Safety Precautions

Even though the station is not federally regulated, UGI has again taken it upon themselves to build and operate this facility to the strictest of standards.  The compressor station will be outfitted with gas detectors and fire eyes that will be used to monitor the facility around the clock (30:15).  There are three things needed for natural gas to light: fuel, oxygen and a source of ignition.  At 20% of the minimum level or lower explosive limit (LEL) the gas detectors will sound an alarm. This alarm will alert anyone on site, as well as in the offsite monitoring station of an issue.  Even before the chance of anything ever happening this alarm will sound, if the levels continue to rise and reach 40% of that LEL the station will automatically shut down.

As for the fire eyes they are designed to pick up anything that even resembles a flame. As soon as it recognizes something like this it will automatically shut down the facility (32:15) – UGI expert

The incident at Lathrop Compressor Station earlier this year, while unfortunate, provides a good example of how equipment like this works.

It is apparent from listening to UGI’s testimony the people involved in this project have decades of experience in projects like this and they have thought out and covered everything to make this facility safe for members of the community it will be built in.

After numerous outbursts during UGI’s testimony it was time for the public to comment on the UGI project. You can watch their presentation in its entirety below.

Public Testimony

The first point the couple in the following video tries to make is about the emissions from the compressor station.  These emissions have been addressed during the planning of the facility by UGI and are well below the federal limit mandated by the EPA.  VOC’s are commonly found in many household items including: paint, aerosol sprays, cleansers, disinfectants and many others.  Yes, these compressors stations do emit VOC’s, however the amount is far below what the federal government allows, it is within the limits of the proposed plan, and this facility  is a necessity if West Wyoming residents want to continue to use natural gas.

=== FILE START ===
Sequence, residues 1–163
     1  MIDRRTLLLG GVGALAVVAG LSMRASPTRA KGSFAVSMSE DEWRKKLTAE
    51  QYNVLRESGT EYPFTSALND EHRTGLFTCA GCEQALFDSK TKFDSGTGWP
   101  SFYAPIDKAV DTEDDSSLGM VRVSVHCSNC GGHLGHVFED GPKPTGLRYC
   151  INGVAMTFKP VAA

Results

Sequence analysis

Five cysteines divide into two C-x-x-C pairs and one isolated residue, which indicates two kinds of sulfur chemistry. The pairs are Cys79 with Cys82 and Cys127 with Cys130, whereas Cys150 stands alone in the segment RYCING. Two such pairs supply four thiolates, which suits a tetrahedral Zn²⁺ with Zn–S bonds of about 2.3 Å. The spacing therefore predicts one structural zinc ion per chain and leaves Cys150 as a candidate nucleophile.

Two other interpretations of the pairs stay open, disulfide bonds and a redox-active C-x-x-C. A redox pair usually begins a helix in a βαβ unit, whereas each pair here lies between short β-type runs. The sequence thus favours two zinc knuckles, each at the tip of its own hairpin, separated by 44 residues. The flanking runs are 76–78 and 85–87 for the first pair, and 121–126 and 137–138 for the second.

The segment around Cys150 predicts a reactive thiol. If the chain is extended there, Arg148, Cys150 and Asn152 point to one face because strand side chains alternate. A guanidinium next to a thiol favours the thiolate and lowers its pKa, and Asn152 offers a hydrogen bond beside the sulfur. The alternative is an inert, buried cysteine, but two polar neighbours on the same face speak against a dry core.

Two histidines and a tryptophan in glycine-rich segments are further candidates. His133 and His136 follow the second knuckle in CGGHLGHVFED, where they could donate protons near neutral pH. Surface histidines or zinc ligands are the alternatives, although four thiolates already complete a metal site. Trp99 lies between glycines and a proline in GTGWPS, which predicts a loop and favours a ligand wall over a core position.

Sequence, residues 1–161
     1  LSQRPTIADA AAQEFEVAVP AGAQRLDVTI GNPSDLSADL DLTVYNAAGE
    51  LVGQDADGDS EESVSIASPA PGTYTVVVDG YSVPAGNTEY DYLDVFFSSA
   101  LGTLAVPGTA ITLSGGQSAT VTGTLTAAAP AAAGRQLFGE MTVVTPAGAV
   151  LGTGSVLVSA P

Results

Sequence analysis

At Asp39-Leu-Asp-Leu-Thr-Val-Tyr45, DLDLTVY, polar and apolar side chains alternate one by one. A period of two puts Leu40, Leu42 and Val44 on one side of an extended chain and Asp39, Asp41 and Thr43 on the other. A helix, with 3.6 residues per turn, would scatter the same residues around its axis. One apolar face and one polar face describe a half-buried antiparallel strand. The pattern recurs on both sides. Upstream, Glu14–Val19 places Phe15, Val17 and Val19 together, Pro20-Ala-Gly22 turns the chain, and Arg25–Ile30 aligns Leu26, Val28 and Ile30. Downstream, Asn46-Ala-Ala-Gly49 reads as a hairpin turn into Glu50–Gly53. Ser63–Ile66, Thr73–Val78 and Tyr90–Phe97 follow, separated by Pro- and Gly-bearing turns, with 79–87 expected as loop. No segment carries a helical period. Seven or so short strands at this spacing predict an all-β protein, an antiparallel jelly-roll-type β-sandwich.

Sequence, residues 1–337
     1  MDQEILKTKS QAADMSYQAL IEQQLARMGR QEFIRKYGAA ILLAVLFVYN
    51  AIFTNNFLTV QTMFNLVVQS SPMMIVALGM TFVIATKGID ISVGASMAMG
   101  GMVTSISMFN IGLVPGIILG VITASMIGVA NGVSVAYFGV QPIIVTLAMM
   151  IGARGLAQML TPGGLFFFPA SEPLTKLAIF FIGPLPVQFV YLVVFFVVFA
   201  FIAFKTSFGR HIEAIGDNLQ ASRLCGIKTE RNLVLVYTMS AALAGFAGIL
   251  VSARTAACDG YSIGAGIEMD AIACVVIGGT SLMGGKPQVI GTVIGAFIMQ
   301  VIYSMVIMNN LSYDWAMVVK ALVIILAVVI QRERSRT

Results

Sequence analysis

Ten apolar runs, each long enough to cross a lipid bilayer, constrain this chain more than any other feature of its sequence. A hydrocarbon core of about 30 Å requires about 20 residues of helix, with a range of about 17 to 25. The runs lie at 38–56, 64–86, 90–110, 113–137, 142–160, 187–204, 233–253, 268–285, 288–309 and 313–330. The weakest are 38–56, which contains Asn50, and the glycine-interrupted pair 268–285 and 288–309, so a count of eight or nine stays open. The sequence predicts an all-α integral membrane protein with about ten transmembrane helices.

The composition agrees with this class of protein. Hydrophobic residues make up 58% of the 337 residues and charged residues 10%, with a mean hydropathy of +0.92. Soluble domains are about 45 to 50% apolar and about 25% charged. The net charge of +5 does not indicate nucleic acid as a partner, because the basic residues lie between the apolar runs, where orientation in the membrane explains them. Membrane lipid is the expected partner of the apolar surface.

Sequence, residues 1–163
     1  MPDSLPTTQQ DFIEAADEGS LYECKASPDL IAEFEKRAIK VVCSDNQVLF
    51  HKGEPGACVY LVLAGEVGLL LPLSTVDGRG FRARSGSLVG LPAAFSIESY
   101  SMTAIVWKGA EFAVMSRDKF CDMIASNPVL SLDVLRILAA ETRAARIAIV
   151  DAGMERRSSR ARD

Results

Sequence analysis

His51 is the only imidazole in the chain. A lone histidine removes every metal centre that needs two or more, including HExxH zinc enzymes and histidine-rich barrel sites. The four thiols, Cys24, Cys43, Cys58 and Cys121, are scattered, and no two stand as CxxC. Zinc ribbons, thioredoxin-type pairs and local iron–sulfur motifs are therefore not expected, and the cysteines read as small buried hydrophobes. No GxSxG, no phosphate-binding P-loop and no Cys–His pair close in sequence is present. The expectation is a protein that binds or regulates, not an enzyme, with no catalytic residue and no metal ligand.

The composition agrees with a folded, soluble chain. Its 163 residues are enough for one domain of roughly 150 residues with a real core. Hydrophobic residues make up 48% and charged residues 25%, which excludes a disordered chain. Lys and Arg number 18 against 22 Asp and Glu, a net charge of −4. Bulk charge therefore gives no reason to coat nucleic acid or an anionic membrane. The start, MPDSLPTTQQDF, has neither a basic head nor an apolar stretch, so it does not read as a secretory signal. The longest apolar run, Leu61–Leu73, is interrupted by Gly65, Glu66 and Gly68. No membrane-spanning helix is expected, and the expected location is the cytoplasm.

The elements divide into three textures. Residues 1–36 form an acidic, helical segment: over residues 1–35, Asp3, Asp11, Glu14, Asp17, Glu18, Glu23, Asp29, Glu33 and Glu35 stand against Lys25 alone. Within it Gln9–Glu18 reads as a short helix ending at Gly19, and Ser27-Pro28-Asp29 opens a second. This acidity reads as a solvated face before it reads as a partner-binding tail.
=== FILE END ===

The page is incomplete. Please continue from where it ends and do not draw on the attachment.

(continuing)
Another woman raises concerns about the location of the compressor station.  She, like many of the residents in West Wyoming want it to be built somewhere else.  This is a classic NIMBY mindset, and we can’t always have our cake and eat it too.  Moving this station out of the area and farther from existing infrastructure would cause a need for more compressor stations and pipelines to be laid.  She then raises concerns about the air quality from the compressor station.  When asked if she heard and understood the expert testimony from UGI she stated that she did not trust them.  Again, this is no longer about science but about feelings and emotions.

The women in this last video testimony is under the impression that the VOC’s will come down out of the air, and coat her vegetables.  This is simply not true and the 18.5% is the percentage of the allowed VOC emissions by the federal government.  The fact that she says “I don’t want to smell this during the summer,” shows that she has never been to a compressor station before.  I have been to them and stood less then a football field away. I can attest I did not smell or hear anything from the facility, and I think if others would take the time to look at similar facilities, they would find the same thing.

The West Wyoming town board is currently reviewing all testimony and will reconvene  at 7 p.m. on September 4th to vote on UGI Energy Services proposed plan for this compressor station. We’ll be there to update on its status.